Man and Mother Bear | Cades Cove

It’s not every day you get to witness a Park Ranger carrying a mother bear down the road in Cades Cove!  My husband, Tyson, and I were driving through Cades Cove when traffic began to go the pace of ‘bear sighting’ speed.  If you have ever been to Cades Cove you know what I mean!  There were three baby bears in the tree causing this traffic jam.

Baby Bears of Cades Cove

We decided to park and walk back to the Ranger’s truck.  He proceeded to tell us that the mother and these three cubs had been staying close to the road over the past few weeks and of course mom was getting upset with all the visitors.  The park tries its best to keep these wonderful animals out of harms way.  In the best interest of the bears, park Rangers will tranquilize the mother for a few hours.  This process, per the Ranger, will make the mother take the cubs further into the forest and away from possible contact with humans,  This process can save the mother’s life because if she attacks a visitor she most likely would have to be put down.  The park takes every precaution possible to keep this from happening.

A few minutes later this is the site we saw coming down the road:

Mother Bear Cades Cove

Granted, this is not what we were expecting to see!  I was later told mother bear probably weighed 130-140 lbs.  This Ranger had carried mother bear quite a ways back to the tree her cubs were in.

Mother Bear Cades Cove

These two Rangers handled mother bear with care!  They would proceed to tag her ear, take her temperature, measurements, add drops to her eyes and cover her head so trash would not get into her eyes while she was still under.  Someone was notating all the information the Ranger was calling out so it could be kept on file for this bear.

Measurements being taken:

Mother Bear Cades Cove

Drops being added to her eyes:

Mother Bear Cades Cove

To accurately tell how old this mother bear is the Ranger pulled one of her teeth.  He explained this is a tooth they do not use much and is normally done with all taggings.  It will be sent off and cut with a lazer to see how many layers there are similar to telling the age of a tree.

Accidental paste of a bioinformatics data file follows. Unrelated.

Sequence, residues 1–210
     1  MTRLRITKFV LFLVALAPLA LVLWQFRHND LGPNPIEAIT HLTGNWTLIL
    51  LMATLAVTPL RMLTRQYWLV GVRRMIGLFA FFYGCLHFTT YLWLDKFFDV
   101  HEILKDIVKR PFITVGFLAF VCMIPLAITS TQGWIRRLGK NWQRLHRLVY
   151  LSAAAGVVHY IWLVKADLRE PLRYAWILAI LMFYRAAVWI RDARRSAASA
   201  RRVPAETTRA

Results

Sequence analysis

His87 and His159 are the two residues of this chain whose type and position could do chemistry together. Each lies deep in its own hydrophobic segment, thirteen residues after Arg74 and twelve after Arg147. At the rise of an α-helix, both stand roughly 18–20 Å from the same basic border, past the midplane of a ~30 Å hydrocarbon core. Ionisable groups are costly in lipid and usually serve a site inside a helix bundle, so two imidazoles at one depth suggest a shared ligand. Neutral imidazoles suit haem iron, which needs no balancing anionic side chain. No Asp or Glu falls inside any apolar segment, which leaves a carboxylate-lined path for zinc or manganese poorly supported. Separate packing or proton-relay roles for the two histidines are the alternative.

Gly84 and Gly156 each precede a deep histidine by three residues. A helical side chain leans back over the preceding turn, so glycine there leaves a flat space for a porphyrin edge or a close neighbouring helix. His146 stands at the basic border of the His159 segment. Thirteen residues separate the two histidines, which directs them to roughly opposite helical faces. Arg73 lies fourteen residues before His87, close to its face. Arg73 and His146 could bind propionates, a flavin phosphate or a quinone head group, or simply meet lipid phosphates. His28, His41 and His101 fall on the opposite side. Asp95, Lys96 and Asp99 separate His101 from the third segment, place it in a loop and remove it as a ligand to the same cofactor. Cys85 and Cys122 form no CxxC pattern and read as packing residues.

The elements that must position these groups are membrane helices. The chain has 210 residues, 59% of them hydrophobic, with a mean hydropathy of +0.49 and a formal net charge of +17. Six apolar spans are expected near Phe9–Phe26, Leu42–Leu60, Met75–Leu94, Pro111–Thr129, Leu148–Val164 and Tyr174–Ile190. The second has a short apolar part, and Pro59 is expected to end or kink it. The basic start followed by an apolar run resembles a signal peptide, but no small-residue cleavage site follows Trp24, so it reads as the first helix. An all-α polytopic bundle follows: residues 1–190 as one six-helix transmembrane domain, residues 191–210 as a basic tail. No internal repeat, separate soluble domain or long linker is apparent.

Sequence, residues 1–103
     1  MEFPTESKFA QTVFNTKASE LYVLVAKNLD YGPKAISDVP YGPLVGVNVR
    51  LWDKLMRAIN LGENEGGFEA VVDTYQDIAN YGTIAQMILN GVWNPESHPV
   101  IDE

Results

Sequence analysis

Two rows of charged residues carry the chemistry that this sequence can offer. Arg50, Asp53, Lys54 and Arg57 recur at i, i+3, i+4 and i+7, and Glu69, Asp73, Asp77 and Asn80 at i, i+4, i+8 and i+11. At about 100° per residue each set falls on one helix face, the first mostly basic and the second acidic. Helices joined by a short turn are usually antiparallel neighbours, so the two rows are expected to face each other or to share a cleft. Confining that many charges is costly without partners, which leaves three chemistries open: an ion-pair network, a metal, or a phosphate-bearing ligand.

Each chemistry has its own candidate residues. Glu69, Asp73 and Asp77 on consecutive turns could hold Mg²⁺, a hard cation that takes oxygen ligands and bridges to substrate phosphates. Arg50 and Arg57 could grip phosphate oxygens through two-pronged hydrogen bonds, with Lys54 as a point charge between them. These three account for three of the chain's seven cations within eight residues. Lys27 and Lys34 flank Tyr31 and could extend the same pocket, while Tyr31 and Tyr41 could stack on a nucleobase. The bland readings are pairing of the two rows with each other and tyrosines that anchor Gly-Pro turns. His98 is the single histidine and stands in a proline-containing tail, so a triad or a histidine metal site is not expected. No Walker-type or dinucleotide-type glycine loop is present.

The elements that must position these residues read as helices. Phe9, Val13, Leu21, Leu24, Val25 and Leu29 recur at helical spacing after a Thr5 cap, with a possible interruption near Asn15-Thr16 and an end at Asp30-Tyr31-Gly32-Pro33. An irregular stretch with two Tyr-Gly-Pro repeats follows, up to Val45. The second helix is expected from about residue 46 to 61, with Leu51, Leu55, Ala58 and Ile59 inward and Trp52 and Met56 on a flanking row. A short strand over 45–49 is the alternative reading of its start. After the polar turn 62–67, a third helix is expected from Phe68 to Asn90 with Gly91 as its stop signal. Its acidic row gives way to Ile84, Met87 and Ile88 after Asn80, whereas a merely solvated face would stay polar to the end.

Mother Bear Cades Cove

Mother Bear Cades Cove

All during this process the Ranger was telling those of us looking on what he was doing and why.  I do not know these two guys’ names, but they did a wonderful job!  (Update:  These two guys’ names are Ranger Rick Varner and his helper, Cory Clark.)

Mother Bear Cades Cove

The blue/green paste on her gum is to deaden the gum for the extraction.

Mother Bear Cades Cove

Mother Bear Cades CoveMother Bear Cades Cove

The cubs were ready for ‘mamma’ to wake up and play!  Each time one would start down the tree one of the Rangers would tap on the bottom of the tree trunk with a stick to make sure they all stayed together in the tree until mother bear was awake and ready to take them off in the woods.

Mother Bear Cades CoveMother Bear Cades Cove

We left before the process was complete, but the Ranger said they would put her into a cage so when she woke she would  not stagger off.  Once she was fully awake and all visitors had cleared out they would reunite mother and cubs and all would be happy.

It was a very interesting ride through Cades Cove!

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  • Cades Cove | Mother Bear TaggingJune 8, 2014 - 9:26 am

    […] Man and Mother Bear | Cades Cove […]

  • Carol RothschildJune 9, 2014 - 2:41 pm

    What an amazing opportunity for your to photograph. And, isn’t wonderful that our rangers are so careful with their furry neighbors.

  • Kathy SmithJune 9, 2014 - 3:00 pm

    Yes Carol it was an interesting thing to see.

  • Cindy MitchellJune 9, 2014 - 5:11 pm

    Wow!!! What an amazing story! Thanks for sharing with those of us who were not there. Great photos too!!

  • Kathy SmithJune 9, 2014 - 5:30 pm

    Thanks Cindy!

  • Steve FerendoJune 9, 2014 - 7:57 pm

    Great series of photos. Thanks for your comment on my FB page. It was great talking to you, too. I really enjoy meeting folks with similar interests and passions. I’m sure we will be back in the future.

  • Tyson SmithJune 10, 2014 - 9:38 am

    Thanks, Steve. I enjoyed meeting you.

  • Merri HornbergerJune 22, 2014 - 7:35 am

    What a wonderful story and opportunity to see this and to photograph!

  • chrisJune 10, 2015 - 12:45 am

    I enjoyed your images and story!

  • David AdamsApril 21, 2016 - 12:11 pm

    This technique is called “hazing”. Extracting the tooth for age identity is a tale they tell visitors when in actuality they are causing discomfort so that she’ll associate pain with humans. Last year a mother bear lost her only cub when they attempted relocation. They left her in the evening when she was still unresponsive and a predator took her only cub. Btw, the bear in this photo was relocated also. Her yearlings still remain in Cades Cove. These “methods” are not always in the best interest of the bears!